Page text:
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Cambridge Centre for Smart Infrastructure and Construction

Transforming infrastructure through smarter information

Creating a ‘living lab’

The work of CSIC over the past 10 years has made the case for understanding the actual performance of buildings and infrastructure assets in order to make better decisions for their efficient and sustainable design, construction, operation and maintenance.

This approach also offers societal and economic benefits in terms of environmental sustainability, energy savings, reduction of waste and user wellbeing. In this project, sensors and data analysis enable better asset management, while reducing carbon emissions and enhancing conditions for users.

In August 2019, CSIC moved office into the Civil Engineering Building on the West Cambridge campus, a new facility funded as part of a £138M UK government investment in infrastructure and cities research and host to the UKCRIC (UK Collaboratorium for Research on Infrastructure & Cities) National Research Facility for Infrastructure Sensing (NRFIS). Construction of the building presented an opportunity to apply CSIC’s monitoring expertise to its own HQ, to create a ‘living lab’. Six sensor packages were installed from the roof to the foundation, five of which were led by the CSIC research team and four of which were designed and installed by CSIC spin-out Epsimon Ltd. The building was also fitted with an energy/cost metric to minimise energy usage.

To read more about the smart features of the Civil Engineering Building see the NRFIS website here.


The strong floor instrumented with DFOS and FBG sensors being concreted ©Epsimon Ltd


Monitoring performance

Sensor systems bring what is perceived as a static and inanimate structure to life. The data collected can be used to help optimise a building’s operational use, improve its performance and enable asset owners to proactively plan modifications throughout its life cycle.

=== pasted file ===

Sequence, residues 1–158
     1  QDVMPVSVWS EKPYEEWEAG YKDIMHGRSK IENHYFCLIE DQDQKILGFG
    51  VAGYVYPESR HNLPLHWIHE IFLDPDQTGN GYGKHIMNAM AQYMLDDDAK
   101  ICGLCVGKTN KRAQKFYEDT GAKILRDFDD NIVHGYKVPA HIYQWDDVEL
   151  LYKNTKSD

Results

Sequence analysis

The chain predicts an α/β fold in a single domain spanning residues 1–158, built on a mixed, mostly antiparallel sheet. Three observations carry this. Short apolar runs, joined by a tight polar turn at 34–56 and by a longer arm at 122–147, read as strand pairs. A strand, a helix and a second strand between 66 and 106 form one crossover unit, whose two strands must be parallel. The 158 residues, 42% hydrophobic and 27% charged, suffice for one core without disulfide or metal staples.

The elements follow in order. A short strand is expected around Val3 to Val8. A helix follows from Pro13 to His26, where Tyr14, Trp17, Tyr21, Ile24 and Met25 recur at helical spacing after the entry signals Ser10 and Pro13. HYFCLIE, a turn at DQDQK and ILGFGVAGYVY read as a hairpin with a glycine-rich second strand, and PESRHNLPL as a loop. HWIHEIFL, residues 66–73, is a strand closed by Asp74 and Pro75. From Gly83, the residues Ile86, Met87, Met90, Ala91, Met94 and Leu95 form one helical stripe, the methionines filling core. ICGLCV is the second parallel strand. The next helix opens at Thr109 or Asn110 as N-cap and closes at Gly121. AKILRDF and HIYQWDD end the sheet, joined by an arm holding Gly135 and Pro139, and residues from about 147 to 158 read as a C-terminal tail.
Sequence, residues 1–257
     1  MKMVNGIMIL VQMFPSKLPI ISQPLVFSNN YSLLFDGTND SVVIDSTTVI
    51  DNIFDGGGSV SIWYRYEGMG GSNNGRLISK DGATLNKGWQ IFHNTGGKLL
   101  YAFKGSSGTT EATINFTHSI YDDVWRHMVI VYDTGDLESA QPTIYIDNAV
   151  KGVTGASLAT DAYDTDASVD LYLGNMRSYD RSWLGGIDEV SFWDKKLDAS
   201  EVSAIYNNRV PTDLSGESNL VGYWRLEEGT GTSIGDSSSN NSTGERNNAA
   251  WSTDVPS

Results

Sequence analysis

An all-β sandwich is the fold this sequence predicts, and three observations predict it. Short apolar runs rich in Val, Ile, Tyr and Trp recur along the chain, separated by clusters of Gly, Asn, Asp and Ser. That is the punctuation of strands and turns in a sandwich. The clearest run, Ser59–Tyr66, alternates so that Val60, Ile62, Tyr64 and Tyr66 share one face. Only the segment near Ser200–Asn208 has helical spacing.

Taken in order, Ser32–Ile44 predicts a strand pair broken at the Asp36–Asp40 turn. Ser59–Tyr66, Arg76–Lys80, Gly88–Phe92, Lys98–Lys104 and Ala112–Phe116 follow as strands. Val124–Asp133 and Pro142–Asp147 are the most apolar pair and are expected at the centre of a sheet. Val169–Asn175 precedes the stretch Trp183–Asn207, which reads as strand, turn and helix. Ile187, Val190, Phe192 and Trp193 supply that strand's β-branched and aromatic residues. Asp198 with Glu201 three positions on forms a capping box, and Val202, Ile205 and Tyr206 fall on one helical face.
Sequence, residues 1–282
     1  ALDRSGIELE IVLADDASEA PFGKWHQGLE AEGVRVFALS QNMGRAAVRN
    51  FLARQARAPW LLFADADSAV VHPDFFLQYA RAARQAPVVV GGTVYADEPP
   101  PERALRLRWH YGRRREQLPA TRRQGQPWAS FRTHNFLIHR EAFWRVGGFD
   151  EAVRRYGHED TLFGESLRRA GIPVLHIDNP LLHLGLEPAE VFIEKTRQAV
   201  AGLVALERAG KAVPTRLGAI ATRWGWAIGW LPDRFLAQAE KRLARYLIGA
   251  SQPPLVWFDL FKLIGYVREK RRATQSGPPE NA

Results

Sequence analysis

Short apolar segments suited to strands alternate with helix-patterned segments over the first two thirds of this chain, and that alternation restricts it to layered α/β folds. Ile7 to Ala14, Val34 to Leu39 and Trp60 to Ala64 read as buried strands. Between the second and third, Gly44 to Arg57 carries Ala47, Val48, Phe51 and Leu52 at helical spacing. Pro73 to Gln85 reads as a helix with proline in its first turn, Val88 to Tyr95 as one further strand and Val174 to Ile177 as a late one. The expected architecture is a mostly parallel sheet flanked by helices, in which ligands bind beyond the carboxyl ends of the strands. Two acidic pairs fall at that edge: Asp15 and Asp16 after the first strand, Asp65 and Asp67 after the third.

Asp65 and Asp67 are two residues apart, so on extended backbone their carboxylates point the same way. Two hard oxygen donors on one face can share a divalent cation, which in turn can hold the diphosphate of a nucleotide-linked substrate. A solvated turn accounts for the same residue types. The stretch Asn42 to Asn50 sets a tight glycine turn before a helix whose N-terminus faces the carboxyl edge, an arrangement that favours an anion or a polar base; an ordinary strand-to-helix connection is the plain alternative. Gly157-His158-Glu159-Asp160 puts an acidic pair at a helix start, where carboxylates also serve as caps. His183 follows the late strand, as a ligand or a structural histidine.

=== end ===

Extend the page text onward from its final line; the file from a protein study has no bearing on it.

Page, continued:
The data acquired from the sensors embedded in the Civil Engineering Building makes possible comparison between the design models and the actual performance, which can inform future projects in order to achieve a more cost-effective and sustainable construction process.

CSIC researchers have developed technologies to store, interpret and visualise data streams collected from the sensor packages.


Fibre optic sensor cables attached to the basement raft reinforcement ©Epsimon Ltd


Engaging with data visualisation

In July 2021, a virtual event which was part of the CSIC 10th anniversary celebrations, presented new developments to the Civil Engineering Building monitoring project. The presentation by Dr Miguel Bravo Haro demonstrated how smart infrastructure brings a building to life by engaging the audience with a new interactive platform that collects, analyses, and visualises rich streams of data coming from the sensors deployed across the building.

This new platform is now a permanent fixture for curious minds to learn more about the power of instrumented buildings through cutting edge tools for data analysis and visualisation. Since the official launch, the platform has received more than 11,000 hits and can be explored at:

•Watch a presentation featuring Dr Miguel Bravo Haro and Dr Nicky de Battista introducing the smart sensing of the Civil Engineering Building on the CSIC YouTube channel.


Read more:


CSIC team

Dr Nicky de Battista, Research Associate, Dr Cedric Kechavarzi, Operations Manager, Dr Miguel Bravo Haro, Research Associate, Dr John Orr, Investigator, and Paul Fidler, Computer Associate.